Community Health Workers (CHWs) have deep roots in community and a unique tradition of community health improvement. Known by many different names – promotores de salud, Tribal Community Health Representatives (CHRs), health outreach workers, peer health advisors – CHWs are key collaborators for improving health care access and quality, promoting prevention and self-care, mobilizing communities for health advocacy, and tapping into community knowledge and wisdom about health issues and priorities.

What is a Community Health Worker?

Community Health Workers are trusted members of the communities they serve.  They are also known as Tribal Community Health Representatives, promotores de salud, care navigators, community health or wellness advisors, family health advocates, community health outreach workers, peer health advocates, lay health advisors, and many similar titles.

CHWs facilitate access to services, improve quality, and reduce disparities by serving as ‘bridges’ between their communities and health/social service systems. CHWs build individual and community capacity by increasing health knowledge and self-sufficiency through activities such as: outreach, community education, informal counseling, social support, and advocacy. They provide practical services to individuals, families, and communities. CHWs can be found working in health and human service organizations, schools, faith communities, public health systems, and community health clinics.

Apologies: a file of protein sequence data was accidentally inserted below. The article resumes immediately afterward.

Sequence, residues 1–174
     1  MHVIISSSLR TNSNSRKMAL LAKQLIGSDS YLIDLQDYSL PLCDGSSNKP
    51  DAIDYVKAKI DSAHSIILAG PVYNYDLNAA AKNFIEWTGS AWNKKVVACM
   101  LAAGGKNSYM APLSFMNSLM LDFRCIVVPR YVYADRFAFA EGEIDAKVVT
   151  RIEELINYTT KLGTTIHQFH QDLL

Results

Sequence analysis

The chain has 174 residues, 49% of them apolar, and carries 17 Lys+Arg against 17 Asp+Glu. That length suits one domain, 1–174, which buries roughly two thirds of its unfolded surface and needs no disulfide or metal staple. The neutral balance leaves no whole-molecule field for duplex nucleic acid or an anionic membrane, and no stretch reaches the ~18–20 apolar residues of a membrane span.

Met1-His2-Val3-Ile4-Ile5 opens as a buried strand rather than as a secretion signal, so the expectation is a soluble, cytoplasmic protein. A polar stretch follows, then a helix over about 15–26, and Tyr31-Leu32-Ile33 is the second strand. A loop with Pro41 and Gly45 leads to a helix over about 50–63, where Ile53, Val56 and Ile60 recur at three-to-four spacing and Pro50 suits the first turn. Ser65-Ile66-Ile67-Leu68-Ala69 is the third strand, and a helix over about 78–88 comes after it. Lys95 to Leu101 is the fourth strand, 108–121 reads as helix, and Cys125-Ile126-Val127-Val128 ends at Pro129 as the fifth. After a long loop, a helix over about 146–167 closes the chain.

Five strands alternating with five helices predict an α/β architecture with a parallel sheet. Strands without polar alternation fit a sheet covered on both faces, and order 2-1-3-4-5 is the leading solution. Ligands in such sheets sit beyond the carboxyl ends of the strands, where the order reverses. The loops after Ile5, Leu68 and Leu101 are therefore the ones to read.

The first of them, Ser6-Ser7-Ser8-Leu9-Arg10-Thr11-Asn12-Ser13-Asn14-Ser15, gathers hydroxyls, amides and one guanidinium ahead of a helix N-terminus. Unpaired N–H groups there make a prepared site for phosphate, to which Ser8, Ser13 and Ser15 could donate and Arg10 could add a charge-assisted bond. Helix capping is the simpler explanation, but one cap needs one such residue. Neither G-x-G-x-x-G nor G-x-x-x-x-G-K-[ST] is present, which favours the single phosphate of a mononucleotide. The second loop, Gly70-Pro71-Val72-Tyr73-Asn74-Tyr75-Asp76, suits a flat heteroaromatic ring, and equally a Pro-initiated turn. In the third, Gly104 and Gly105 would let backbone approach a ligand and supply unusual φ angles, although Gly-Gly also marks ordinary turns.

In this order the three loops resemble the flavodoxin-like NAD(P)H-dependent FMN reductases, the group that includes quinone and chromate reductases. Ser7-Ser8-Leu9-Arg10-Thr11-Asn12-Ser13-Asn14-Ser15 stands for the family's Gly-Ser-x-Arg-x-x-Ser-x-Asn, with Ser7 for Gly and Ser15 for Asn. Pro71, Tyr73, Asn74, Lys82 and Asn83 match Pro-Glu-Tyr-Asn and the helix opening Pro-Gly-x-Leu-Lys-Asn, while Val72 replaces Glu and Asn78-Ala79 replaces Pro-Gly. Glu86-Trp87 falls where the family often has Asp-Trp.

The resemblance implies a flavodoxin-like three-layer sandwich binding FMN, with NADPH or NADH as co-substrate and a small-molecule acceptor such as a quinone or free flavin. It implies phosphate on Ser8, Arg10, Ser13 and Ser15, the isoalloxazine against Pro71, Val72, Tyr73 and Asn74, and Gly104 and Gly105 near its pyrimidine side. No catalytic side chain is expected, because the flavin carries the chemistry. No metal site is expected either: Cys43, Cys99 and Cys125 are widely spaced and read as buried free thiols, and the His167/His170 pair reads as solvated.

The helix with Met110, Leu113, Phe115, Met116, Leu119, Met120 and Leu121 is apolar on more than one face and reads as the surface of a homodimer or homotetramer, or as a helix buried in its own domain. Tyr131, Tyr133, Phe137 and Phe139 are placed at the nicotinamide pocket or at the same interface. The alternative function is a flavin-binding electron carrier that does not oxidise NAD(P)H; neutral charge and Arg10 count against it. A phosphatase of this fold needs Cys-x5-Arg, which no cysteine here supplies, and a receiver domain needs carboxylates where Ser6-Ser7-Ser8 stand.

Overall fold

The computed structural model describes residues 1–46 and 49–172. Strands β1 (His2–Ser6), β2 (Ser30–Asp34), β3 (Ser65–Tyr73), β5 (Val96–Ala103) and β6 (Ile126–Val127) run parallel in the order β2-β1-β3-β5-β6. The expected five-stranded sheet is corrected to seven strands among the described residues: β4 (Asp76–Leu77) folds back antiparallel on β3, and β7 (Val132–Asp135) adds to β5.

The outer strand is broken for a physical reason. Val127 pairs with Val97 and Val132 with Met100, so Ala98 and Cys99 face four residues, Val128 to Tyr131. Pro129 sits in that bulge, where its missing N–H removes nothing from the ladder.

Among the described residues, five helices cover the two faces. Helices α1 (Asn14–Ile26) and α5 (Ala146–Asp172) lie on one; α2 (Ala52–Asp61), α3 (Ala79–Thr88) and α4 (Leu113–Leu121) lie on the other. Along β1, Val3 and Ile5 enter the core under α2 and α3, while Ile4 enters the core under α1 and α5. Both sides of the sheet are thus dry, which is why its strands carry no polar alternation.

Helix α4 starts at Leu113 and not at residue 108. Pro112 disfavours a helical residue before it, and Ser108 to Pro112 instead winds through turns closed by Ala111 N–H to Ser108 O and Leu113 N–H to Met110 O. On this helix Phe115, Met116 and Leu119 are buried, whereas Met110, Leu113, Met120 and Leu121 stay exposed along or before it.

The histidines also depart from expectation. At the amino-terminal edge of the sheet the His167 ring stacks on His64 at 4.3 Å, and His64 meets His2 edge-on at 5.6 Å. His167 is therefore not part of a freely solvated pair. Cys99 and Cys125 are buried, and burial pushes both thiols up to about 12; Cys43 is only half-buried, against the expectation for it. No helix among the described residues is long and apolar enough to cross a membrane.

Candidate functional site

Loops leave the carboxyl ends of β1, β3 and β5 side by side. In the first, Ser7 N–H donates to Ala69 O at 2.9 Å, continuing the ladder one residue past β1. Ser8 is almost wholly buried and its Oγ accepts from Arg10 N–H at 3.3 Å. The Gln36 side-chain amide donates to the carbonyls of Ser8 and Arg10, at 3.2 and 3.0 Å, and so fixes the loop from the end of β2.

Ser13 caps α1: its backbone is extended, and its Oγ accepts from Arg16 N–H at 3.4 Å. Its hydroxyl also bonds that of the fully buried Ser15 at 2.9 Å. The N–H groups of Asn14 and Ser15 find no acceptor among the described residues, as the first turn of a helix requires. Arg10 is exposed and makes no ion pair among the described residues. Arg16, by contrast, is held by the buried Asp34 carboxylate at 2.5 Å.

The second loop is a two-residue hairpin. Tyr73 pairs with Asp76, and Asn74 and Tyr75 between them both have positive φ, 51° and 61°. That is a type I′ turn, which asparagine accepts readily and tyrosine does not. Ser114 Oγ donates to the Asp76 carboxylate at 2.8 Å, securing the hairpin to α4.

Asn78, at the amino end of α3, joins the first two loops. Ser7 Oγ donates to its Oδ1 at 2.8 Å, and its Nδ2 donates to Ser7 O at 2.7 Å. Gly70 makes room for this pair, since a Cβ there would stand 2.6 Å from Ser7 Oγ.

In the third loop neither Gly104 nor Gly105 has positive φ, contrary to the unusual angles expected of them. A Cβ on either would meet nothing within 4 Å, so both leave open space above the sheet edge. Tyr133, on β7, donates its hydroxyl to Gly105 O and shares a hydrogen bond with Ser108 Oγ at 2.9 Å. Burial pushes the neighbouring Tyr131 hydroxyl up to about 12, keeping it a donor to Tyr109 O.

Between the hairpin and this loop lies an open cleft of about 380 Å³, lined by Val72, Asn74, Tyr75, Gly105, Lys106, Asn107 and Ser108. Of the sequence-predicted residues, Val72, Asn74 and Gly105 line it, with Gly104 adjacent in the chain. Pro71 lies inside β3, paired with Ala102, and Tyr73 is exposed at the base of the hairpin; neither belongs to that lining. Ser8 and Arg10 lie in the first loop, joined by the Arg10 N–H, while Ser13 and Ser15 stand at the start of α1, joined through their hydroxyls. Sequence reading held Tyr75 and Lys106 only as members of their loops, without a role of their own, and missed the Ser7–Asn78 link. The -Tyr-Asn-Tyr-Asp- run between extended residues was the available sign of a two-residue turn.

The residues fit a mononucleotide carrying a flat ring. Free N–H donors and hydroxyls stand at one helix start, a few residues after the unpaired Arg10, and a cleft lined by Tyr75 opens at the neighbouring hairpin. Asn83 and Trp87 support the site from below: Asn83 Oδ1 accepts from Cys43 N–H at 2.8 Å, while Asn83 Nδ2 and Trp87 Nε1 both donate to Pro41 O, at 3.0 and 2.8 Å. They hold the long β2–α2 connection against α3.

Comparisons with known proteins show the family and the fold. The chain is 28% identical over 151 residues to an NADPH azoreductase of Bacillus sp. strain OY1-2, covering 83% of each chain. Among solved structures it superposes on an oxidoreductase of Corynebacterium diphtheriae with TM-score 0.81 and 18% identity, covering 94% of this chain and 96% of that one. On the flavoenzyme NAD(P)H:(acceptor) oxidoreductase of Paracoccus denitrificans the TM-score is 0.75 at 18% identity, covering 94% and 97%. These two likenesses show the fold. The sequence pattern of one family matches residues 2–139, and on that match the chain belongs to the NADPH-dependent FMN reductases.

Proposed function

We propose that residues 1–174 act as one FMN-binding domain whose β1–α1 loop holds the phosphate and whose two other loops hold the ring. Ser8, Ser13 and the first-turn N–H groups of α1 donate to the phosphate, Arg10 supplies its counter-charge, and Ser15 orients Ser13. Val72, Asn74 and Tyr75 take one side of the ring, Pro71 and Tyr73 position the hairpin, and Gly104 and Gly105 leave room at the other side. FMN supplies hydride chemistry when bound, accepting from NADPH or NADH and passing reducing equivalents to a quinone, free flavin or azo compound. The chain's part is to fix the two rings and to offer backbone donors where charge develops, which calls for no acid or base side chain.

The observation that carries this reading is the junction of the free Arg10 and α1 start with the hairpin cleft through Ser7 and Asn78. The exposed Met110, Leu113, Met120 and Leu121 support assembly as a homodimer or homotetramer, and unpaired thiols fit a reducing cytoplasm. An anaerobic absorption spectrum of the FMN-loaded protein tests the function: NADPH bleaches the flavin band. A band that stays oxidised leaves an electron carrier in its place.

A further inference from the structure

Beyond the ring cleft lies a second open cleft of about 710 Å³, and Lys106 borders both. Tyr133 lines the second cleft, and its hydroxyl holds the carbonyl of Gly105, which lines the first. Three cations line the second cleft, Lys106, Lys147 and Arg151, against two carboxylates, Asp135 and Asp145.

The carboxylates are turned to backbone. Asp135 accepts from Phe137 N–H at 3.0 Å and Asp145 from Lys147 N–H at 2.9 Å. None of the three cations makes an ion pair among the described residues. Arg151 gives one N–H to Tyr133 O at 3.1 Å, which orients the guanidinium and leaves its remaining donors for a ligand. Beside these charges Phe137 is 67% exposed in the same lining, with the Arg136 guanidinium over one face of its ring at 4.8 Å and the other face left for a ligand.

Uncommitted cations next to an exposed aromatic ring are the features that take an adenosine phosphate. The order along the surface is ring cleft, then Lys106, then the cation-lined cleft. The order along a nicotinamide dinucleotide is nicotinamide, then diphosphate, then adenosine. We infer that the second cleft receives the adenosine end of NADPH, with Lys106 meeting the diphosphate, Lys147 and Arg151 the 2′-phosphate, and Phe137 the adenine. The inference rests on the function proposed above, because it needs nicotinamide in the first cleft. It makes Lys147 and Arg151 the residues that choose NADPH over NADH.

In 2010, Community Health Workers obtained a unique labor classification, which is described below:

US Dept of Labor CHW Standard Occupational Classification (2010)
21-1094 Community Health Workers
Assist individuals and communities to adopt healthy behaviors. Conduct outreach for medical personnel or health organizations to implement programs in the community that promote, maintain, and improve individual and community health. May provide information on available resources, provide social support and informal counseling, advocate for individuals and community health needs, and provide services such as first aid and blood pressure screening. May collect data to help identify community health needs. Excludes “Health Educators” (21-1091).